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Find more One Last Job
Advice to all good-hearted crooks who want to get out of the game: don’t do “one last job.” It won’t work. Never Does. Never. It doesn’t matter what the reasons may be—help the kids you abandoned, get back together with the ex-wife you still love, put together a stash and hightail it for Costa Rica—by the end of job, you’ll either be dead or worse off than when you started. The chimerical one last job offers only a one-way ticket on the Oblivion Express. Don’t believe it? Follow the thin red line of these noir heroes from illusion to reality.
Boot Tracks. By Matthew F. Jones. 2006. 208p. Europa, paper, $14.95 (9781933372112).
The ex-con out of prison to do one last job is a common variation on the theme (see The Getaway, below), and Jones does it proud in this powerful tale of Charlie Rankin, sprung from the joint and honor-bound to kill a man on orders from “Buddha,” the lifer who kept him safe in prison in exchange for sexual favors and spiritual guidance. The hit goes bad from the get-go, as Rankin wanders about on a golf course in the dark, trying to find the intended victim’s house. The sense of horrible inevitability is almost overpowering here, but Jones has us following Rankin’s boot tracks anyway. If only Jean-Pierre Melville (Bob le Flambeur) were still alive to make the movie version.
The Carrion Birds. By Urban Waite. Apr. 2013. 288p. Morrow, hardcover, $25.99 (9780062216885).
Ray, a gun for hire working for a seriously bent drug dealer, wants only to go home to Coronado, New Mexico, and reunite with his 12-year-old son. Not happening, Ray. Along the way, though, his determination to get somewhere everyone knows he can never go opens a Pandora’s box of chain reactions that wreaks havoc on a small southwestern town, havoc that is described in such graphically poetic prose that it occasionally makes the hair on even a cynical noir fan’s head stand on end. The Oblivion Express only runs in one direction, and there are no side trips. As Ray puts it in the finale, which will remind readers of the equally inevitable end to Robert Stone’s Dog Soldiers (1974), “All of it had led to this—this moment, no one but him and the pain and the pulse of the wound beneath his hand, drawing him forward.”
The Fever Kill. By Tom Piccirilli. Dec. 2007. 184p. New Pulp, paper, $16.95 (9780976921745).
Crease, the beleaguered protagonist in this cut-to-the-bone noir, has escaped the clutches of the drug lord he’s been investigating as a deeply undercover cop, but does he run far, far away? Of course not. He embarks on one last job, settling scores in his hometown. “He really didn’t care much anymore . . . [he understood] that what he was doing made no sense to anyone, not even himself, and yet it was the only thing he could be doing.” Piccirilli nails the mood of dusty, small-town noir—that mix of despair, desperation, and buried secrets that suggests Orson Welles’ classic film Touch of Evil—and he evokes the nothing-left-to-lose mind-set that drives so many noir heroes to their undeserved fates.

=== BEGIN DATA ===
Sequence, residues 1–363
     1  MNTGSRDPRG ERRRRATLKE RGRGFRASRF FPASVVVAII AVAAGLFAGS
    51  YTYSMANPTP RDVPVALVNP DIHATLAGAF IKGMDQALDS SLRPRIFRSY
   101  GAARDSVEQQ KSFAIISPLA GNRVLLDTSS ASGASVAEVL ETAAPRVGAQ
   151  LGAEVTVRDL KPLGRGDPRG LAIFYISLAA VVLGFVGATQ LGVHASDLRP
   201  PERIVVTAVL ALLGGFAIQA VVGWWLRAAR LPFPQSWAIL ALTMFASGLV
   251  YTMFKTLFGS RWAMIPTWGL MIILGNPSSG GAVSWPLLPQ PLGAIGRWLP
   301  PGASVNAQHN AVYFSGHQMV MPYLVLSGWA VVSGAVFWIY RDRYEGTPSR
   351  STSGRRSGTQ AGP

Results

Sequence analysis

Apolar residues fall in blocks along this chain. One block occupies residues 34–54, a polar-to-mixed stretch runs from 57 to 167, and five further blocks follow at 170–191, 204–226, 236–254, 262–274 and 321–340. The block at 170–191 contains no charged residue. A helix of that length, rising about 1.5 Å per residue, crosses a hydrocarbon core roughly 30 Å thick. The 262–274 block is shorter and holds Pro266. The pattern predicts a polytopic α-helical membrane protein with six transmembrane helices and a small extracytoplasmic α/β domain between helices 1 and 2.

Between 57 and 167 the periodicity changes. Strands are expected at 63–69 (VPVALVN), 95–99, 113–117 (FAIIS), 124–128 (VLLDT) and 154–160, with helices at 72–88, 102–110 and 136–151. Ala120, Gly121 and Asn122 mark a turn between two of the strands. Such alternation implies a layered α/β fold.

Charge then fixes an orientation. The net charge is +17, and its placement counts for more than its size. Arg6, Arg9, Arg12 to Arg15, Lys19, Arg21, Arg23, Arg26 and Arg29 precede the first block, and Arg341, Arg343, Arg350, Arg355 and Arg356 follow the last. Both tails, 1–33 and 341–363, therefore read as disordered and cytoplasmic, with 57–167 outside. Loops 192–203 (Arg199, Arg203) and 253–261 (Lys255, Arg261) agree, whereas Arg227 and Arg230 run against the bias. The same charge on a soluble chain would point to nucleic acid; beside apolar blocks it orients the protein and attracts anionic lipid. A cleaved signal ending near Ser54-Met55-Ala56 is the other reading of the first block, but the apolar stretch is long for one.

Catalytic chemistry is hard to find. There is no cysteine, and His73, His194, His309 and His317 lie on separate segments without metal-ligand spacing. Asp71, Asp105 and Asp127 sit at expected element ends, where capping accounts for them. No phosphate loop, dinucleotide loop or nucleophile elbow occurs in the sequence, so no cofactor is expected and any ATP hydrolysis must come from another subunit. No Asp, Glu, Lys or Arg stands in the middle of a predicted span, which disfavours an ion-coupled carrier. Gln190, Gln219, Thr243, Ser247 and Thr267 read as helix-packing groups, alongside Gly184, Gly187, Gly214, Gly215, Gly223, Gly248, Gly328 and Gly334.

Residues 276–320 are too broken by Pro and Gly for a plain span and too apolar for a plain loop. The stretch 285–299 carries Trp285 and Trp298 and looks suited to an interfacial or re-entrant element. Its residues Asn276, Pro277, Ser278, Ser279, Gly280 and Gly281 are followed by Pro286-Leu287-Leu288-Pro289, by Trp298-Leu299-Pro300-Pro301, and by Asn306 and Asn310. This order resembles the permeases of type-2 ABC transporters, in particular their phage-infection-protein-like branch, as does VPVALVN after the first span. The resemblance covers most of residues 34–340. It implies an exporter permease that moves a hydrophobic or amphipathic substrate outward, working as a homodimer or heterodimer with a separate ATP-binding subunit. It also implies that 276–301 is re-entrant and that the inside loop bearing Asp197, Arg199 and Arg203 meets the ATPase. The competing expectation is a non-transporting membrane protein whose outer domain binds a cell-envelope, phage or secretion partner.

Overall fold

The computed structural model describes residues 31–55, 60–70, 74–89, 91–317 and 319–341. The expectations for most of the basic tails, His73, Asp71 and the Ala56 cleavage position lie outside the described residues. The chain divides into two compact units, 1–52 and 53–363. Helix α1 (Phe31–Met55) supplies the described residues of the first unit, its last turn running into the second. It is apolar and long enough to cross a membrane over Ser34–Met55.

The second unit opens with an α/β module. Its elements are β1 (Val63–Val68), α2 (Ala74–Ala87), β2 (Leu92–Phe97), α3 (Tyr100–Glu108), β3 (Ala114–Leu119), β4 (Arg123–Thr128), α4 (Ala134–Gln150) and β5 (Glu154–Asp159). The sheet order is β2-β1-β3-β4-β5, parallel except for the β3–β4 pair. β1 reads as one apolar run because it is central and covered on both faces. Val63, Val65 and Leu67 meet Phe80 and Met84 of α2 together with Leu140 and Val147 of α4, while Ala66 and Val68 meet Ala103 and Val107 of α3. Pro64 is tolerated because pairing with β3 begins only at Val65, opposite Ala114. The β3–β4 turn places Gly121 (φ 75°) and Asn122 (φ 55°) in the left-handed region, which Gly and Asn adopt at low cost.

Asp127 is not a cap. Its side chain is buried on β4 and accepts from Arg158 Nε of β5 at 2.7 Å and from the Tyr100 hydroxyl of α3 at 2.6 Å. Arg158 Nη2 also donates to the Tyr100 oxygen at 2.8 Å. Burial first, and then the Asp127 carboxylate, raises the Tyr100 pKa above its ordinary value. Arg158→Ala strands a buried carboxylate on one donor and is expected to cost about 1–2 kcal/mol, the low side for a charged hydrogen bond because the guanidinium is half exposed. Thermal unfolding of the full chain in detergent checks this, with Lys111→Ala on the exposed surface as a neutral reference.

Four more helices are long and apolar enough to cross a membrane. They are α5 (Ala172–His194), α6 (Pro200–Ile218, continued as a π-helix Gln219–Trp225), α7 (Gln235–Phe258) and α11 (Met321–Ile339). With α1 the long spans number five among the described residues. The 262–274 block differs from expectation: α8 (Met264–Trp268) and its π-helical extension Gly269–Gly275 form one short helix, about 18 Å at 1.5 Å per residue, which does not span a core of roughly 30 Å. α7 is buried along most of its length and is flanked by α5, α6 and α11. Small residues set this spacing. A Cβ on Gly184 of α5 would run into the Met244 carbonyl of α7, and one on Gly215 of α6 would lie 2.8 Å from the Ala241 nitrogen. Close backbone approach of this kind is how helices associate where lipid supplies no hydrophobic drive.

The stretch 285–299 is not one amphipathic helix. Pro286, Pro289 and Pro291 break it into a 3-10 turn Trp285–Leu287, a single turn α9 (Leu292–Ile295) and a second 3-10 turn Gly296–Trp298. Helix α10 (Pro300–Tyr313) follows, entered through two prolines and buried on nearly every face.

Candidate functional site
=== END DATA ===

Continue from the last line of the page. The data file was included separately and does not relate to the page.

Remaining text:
The Getaway. By Jim Thompson. 1958. 192p. Vintage, paper, $13.95 (9780679732501).
Forget the 1970s movie version starring Steve McQueen. Only in Hollywood does an ex-con bank robber’s one last job lead to a happy ending. It’s a very different kind of thing in Thompson’s novel, in which Doc McCoy and his girlfriend, Carol (a former librarian!), do their last job and embark on a blood-spattered getaway to Mexico. They get there, too, but what they find is a long, long way from the sanctuary they were seeking. No one bled words onto the page like Thompson, whose entire oeuvre makes the work of most of today’s noir imitators feel like comfort food.
Hit and Run. By Lawrence Block. July 2008. 304p. HarperCollins, paper, $7.99 (9780060840914).
Keller, Block’s stamp-collecting hit man, is in Des Moines to do one last job before retiring. But while Keller is buying some stamps, the governor of Ohio, campaigning for the presidential nomination, is assassinated. Within hours, Keller’s picture is on every TV screen in the country. He’s been set up to take the fall, and the sting cuts deeply into all aspects of his life, one aspect of which will prove particularly shocking to series fans. Spoiler alert: Keller comes out of his one last job a little better than most, but he’ll never be the same again.
Mr. Hooligan. By Ian Vasquez. Dec. 2010. 352p. Minotaur, e-book, $9.99 (9781429925402).
Riley James, a bar owner in Belize trying to go straight, is “an ordinary guy with a little street in him . . . who got himself into a scrape.” Getting himself out of the ramifications of that scrape leads to his speaking the words you never want to hear from someone you like: “If I can do one last job.” One of the most excruciating parts of reading pure noir—and particularly the one-last-job strain, which may be the purest noir of all—is that almost from page 1 you find yourself screaming, “Think, for God’s sake, think.” In those few moments between screams, you’re likely to notice that the Belize backdrop provides one of the best humidity-soaked noir landscapes since Vicki Hendricks turned up the steam at a Laundromat (Miami Purity).
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